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Pollution And Resource Allocation

Author

Listed:
  • Chisholm, Anthony H.
  • Walsh, Cliff
  • Brennan, Geoffrey

Abstract

Our economic perspective of the pollution problem characterizes that problem as involving a conflict between the consumption of two broad classes of goods--physical (or produced) commodities and the direct consumption of 'clean environment'. After considering the relative merits of market and political decision-making processes used to achieve appropriate social choices between the consumption of physical goods and 'clean environment', we focus on the alternative policy options for pollution control. The main conclusion we reach is that, in general, fiscal instruments (taxes and subsidies) are a more efficient means of controlling pollution than the widespread use of regulations or other legal instruments.

Suggested Citation

  • Chisholm, Anthony H. & Walsh, Cliff & Brennan, Geoffrey, 1974. "Pollution And Resource Allocation," Australian Journal of Agricultural Economics, Australian Agricultural and Resource Economics Society, vol. 18(1), pages 1-21, April.
  • Handle: RePEc:ags:ajaeau:22296
    DOI: 10.22004/ag.econ.22296
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    File URL: http://ageconsearch.umn.edu/record/22296/files/18010001.pdf
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    References listed on IDEAS

    as
    1. Vernon W. Ruttan, 1971. "Technology and the Environment," American Journal of Agricultural Economics, Agricultural and Applied Economics Association, vol. 53(5), pages 707-717.
    2. Ayres, Robert U & Kneese, Allen V, 1969. "Production , Consumption, and Externalities," American Economic Review, American Economic Association, vol. 59(3), pages 282-297, June.
    3. Gordon Tullock, 1959. "Problems of Majority Voting," Journal of Political Economy, University of Chicago Press, vol. 67, pages 571-571.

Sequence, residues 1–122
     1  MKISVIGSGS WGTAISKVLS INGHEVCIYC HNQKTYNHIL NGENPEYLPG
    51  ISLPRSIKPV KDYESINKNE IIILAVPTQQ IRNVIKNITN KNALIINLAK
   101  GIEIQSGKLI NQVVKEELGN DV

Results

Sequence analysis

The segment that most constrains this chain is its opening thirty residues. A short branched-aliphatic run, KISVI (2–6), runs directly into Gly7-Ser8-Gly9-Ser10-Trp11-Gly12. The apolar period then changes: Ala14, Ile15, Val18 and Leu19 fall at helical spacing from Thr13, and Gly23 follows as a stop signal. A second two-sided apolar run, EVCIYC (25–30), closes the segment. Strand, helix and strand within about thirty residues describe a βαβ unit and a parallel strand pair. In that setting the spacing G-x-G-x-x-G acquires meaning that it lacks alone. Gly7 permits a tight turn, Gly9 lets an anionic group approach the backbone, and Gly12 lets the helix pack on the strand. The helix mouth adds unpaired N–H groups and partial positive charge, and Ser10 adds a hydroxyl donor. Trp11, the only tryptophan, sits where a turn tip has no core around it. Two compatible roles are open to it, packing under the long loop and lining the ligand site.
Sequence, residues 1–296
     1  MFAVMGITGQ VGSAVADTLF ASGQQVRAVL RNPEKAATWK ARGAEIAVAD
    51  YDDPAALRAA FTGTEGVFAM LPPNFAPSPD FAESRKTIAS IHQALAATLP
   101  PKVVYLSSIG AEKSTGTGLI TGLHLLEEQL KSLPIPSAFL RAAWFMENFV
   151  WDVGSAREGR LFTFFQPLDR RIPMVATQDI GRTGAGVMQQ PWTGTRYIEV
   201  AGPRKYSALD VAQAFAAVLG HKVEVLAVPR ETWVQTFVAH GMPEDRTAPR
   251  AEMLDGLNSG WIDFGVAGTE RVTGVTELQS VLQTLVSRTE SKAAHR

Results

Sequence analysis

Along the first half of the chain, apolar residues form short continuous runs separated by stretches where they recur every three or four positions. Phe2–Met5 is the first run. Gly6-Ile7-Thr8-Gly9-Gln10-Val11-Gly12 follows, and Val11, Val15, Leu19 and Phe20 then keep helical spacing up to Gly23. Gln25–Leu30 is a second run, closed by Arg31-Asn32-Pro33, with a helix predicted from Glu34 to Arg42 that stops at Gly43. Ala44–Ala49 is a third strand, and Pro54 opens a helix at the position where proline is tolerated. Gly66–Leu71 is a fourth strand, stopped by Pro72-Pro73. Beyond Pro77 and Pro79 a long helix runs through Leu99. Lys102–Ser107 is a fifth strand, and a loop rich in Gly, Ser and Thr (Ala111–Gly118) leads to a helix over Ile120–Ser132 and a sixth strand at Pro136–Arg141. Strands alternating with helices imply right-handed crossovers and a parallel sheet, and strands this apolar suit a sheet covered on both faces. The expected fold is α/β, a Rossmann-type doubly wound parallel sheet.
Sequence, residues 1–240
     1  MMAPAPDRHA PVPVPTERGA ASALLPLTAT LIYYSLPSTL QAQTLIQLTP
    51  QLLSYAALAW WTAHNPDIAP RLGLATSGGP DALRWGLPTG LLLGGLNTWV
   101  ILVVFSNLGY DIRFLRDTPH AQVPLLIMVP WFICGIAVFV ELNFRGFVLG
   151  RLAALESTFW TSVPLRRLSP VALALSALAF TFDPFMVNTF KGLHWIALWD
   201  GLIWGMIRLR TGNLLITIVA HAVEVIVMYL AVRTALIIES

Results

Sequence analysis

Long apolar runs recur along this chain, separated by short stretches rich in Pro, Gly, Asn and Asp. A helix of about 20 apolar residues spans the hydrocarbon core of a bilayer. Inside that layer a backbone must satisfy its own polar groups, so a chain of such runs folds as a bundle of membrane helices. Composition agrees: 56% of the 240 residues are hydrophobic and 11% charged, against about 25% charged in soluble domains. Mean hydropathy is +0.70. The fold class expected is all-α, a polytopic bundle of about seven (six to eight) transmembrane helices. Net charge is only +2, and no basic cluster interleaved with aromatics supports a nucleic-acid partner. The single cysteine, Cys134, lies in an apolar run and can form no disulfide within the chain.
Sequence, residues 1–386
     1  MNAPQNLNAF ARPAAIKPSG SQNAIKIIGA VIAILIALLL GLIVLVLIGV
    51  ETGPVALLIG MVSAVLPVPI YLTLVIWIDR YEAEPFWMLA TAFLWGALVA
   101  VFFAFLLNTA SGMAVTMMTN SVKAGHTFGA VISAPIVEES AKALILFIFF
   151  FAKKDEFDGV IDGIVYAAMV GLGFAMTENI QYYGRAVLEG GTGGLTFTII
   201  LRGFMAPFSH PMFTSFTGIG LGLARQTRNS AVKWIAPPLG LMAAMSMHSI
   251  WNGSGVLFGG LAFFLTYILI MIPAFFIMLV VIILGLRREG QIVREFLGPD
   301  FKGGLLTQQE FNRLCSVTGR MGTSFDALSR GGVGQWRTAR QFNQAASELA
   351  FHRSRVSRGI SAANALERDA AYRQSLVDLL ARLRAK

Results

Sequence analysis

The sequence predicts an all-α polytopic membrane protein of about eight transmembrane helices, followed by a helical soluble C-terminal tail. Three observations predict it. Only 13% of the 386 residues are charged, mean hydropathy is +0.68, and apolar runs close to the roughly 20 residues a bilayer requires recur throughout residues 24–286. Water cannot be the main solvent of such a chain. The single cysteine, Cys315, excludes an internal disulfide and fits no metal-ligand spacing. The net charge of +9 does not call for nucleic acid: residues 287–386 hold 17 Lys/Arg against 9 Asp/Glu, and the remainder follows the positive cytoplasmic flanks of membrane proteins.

4. Parish, Ross M, 1972. "Economic Aspects of Pollution Control," Australian Economic Papers, Wiley Blackwell, vol. 11(18), pages 32-43, June.
    5. J. Rothenberg, 1970. "The Economics of Congestion and Pollution: An Integrated View," Working papers 49, Massachusetts Institute of Technology (MIT), Department of Economics.
    Full references (including those not matched with items on IDEAS)

    Citations

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    Cited by:

    1. Ian D. Hodge, 1982. "Rights To Cleared Land And The Control Of Dryland‐Seepage Salinity," Australian Journal of Agricultural and Resource Economics, Australian Agricultural and Resource Economics Society, vol. 26(3), pages 185-201, December.
    2. Wills, Ian R., 1987. "Resource Degradation On Agricultural Land: Information Problems, Market Failures And Government Intervention," Australian Journal of Agricultural Economics, Australian Agricultural and Resource Economics Society, vol. 31(1), pages 1-11, April.
    3. Longworth, John W. & Rudd, Don, 1975. "Plant Pesticide Economics With Special Reference To Cotton Insecticides," Australian Journal of Agricultural Economics, Australian Agricultural and Resource Economics Society, vol. 19(3), pages 1-18, December.
    4. Stent, W.R., 1976. "Critique Of The Methodology Of Australian Agricultural Economics," Australian Journal of Agricultural Economics, Australian Agricultural and Resource Economics Society, vol. 20(1), pages 1-18, April.
    5. Richardson, Robert A., 1975. "Pollution And Resource Allocation: Comment," Australian Journal of Agricultural Economics, Australian Agricultural and Resource Economics Society, vol. 19(2), pages 1-3, August.

    More about this item

    Keywords

    Environmental Economics and Policy;

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